6 Responsibilities of the Procurement Project Manager

Procurement, like any function, has to run or support many different kinds of projects. To be a best-in-class business function, procurement has to plan and execute well, engage with stakeholders and consistently show that the vendors being selected are providing the best overall value to the organization.

 

That’s why project management is such a critical part of the procurement function. As procurements increase in size and complexity, there are simply more activities, stakeholders and risks that need to be identified and managed. Having a Project Manager integrated into the procurement process significantly increases the odds of not only a successful procurement, but also a successful implementation.

 

Sometimes the procurement department has the necessary skills and resources on their team to provide the requisite project management support. However, many organizations have a decentralized procurement function so the Project Manager comes out of the Project Management Office (“PMO”) or as part of an outsourced PMO function. Regardless, here are six important responsibilities the Project Manager undertakes in the procurement function.

 

  1. Initiating the Project. When there is a new procurement, a Project Manager should be assigned so they can kick off the procurement project. This includes getting the initial stakeholders together to understand the scope and objectives for the procurement, and to discuss high level expectations and timelines for the project.
  2. Creating the Procurement Plan. Establishing a comprehensive procurement plan is an important role the Project Manager plays to define expectations and align stakeholders. An effective procurement plan covers not only the process for procuring the software/services, but also the post-procurement activities required to effectively transition into the business operations. The transition plan may not come until after a vendor/solution is selected, but it’s a critical part of the overall success of the project as that’s where the rubber hits the road.
  3. Coordinating Internal Stakeholders. Large, complex procurements nearly always have many internal stakeholders. This starts with the Business Owner who initiated the procurement and the personnel who will actually use the software/services, as well as other stakeholders from information technology, information security, compliance, legal and finance. The PM’s role is to ensure that all relevant stakeholder groups have been identified, and that they are engaged at the appropriate times throughout the procurement process.
  4. Coordinating Vendors. In addition to coordinating your internal stakeholders, your vendors need coordination too. Multiple vendors may be involved during the procurement process, and each vendor may have multiple personnel involved. The Project Manager’s role is to ensure each vendor has identified their own project manager who will serve as the single point of contact throughout the procurement, and to coordinate with those PMs to schedule meetings and demos, obtain proposals, get questions answered and facilitate the contracting process.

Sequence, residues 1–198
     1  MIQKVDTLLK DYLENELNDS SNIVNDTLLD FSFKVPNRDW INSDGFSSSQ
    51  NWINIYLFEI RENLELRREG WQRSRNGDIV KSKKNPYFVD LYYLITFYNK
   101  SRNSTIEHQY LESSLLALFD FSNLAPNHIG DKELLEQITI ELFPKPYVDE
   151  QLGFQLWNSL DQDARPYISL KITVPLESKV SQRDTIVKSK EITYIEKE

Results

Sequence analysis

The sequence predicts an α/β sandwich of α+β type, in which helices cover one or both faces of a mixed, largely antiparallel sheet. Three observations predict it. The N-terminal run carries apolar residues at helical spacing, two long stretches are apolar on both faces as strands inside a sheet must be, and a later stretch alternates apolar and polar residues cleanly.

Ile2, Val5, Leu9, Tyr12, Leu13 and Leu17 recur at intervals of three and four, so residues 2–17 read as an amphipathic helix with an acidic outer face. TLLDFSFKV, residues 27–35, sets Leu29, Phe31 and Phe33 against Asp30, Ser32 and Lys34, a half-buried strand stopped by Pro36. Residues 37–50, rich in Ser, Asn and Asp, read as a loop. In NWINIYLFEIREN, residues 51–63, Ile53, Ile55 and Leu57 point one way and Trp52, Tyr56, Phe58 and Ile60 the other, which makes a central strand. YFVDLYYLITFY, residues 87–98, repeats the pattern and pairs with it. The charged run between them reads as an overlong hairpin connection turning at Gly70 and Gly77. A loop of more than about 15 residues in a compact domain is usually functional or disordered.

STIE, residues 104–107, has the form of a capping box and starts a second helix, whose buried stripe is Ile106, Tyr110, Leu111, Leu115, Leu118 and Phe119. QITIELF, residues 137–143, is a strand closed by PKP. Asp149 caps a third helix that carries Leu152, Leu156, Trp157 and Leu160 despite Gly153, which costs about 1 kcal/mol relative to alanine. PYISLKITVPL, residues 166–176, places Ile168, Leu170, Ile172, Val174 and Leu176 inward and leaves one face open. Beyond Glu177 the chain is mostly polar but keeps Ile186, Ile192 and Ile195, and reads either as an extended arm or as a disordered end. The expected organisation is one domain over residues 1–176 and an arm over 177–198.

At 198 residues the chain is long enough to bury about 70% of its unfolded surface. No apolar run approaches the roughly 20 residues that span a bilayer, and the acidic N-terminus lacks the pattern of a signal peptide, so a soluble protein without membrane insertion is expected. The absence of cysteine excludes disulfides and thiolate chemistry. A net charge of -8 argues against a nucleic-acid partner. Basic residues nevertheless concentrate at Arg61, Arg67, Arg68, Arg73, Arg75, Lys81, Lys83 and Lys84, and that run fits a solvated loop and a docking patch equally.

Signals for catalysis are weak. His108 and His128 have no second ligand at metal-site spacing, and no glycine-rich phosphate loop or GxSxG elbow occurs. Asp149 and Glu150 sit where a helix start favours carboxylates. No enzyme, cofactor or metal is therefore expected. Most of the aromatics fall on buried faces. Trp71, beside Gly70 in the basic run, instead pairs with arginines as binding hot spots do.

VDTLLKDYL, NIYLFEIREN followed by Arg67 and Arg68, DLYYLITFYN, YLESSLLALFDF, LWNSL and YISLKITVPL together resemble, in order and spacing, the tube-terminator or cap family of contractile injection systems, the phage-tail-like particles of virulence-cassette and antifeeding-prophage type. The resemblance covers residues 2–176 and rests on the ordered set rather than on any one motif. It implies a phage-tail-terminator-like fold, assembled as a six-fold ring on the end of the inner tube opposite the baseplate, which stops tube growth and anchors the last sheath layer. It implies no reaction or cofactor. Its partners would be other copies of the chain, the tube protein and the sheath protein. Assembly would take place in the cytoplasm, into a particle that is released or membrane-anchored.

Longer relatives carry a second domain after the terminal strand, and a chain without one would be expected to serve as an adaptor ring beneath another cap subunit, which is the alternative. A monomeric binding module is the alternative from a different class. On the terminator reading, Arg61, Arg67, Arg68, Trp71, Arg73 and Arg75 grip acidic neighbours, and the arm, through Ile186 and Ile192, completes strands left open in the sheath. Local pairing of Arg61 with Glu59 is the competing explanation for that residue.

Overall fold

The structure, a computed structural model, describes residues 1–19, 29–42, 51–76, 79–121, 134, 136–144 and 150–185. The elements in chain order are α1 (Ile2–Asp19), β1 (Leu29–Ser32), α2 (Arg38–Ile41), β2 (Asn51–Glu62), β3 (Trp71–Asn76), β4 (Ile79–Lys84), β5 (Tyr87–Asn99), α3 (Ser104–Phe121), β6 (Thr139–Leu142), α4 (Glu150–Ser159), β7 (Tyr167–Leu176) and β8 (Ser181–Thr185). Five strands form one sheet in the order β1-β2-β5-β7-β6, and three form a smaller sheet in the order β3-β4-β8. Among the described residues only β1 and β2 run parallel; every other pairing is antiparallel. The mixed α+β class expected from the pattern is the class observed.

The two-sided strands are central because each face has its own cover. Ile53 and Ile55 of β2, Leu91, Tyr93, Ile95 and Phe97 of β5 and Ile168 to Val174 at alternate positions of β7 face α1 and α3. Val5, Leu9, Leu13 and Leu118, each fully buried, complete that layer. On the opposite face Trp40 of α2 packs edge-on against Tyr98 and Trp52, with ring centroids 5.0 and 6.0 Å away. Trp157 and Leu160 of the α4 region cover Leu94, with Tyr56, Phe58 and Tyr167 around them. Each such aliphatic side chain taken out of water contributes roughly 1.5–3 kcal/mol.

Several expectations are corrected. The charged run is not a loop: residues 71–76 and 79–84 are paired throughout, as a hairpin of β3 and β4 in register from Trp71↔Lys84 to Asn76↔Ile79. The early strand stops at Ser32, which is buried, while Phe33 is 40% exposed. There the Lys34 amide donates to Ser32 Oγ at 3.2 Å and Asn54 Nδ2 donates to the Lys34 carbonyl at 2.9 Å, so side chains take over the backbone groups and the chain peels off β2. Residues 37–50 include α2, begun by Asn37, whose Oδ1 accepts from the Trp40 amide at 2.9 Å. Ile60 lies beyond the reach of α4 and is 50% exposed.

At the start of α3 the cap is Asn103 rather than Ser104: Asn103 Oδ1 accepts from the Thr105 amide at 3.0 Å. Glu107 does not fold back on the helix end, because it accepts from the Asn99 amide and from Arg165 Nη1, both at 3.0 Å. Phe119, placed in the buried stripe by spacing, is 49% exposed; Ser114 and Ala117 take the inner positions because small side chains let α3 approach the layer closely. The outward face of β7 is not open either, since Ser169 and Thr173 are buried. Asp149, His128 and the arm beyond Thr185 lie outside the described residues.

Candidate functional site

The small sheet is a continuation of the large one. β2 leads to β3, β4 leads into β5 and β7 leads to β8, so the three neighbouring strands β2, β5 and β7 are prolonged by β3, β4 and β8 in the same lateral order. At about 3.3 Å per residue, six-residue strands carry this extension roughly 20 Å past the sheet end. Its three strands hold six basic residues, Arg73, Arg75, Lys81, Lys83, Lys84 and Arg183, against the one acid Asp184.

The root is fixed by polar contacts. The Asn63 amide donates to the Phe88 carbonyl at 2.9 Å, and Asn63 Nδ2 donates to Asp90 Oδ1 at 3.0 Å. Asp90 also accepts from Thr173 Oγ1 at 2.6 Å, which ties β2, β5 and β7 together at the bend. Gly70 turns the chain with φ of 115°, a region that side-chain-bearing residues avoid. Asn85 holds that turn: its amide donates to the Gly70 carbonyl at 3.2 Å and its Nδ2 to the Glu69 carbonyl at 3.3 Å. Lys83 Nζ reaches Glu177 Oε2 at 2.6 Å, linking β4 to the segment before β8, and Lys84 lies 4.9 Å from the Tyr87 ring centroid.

5. Communicating Responsibilities and Updates. Keeping all stakeholders on track during the procurement process is a necessity if you want to hit your deadlines. The Project Manager is responsible for determining what information is important to communicate, collecting that information from the appropriate stakeholders, and packaging and distributing it at the right times. Weekly email updates, project status reports and face-to-face meetings are all forms of communication channels that the Project Manager can use throughout a lengthy procurement project.
Supporting Implementation and Transition. Once the procurement is complete and a contract has been signed with a vendor, the Project Manager plays a critical role in supporting the Business Owner during implementation of the project and, ultimately, transitioning the software/services into operations. The PM assumes many of the same responsibilities as during the procurement process such as planning, coordination and communication, but is now focused on implementation of the solution rather than selection of the vendor. The PM also provides a bridge between the procurement process and the implementation process, ensuring that there is a continuity of knowledge and expectations throughout the entire cycle.
Tom Rogers
Author:

Job Title: CEO
Organization: Vendor Centric

Tom is the founder and CEO of Vendor Centric, he has been a trusted advisor to nonprofit organizations for 30 years, with a focus on helping them align the right people, processes and systems to mitigate third-party risk and drive more value from third-party contracts and relationships.

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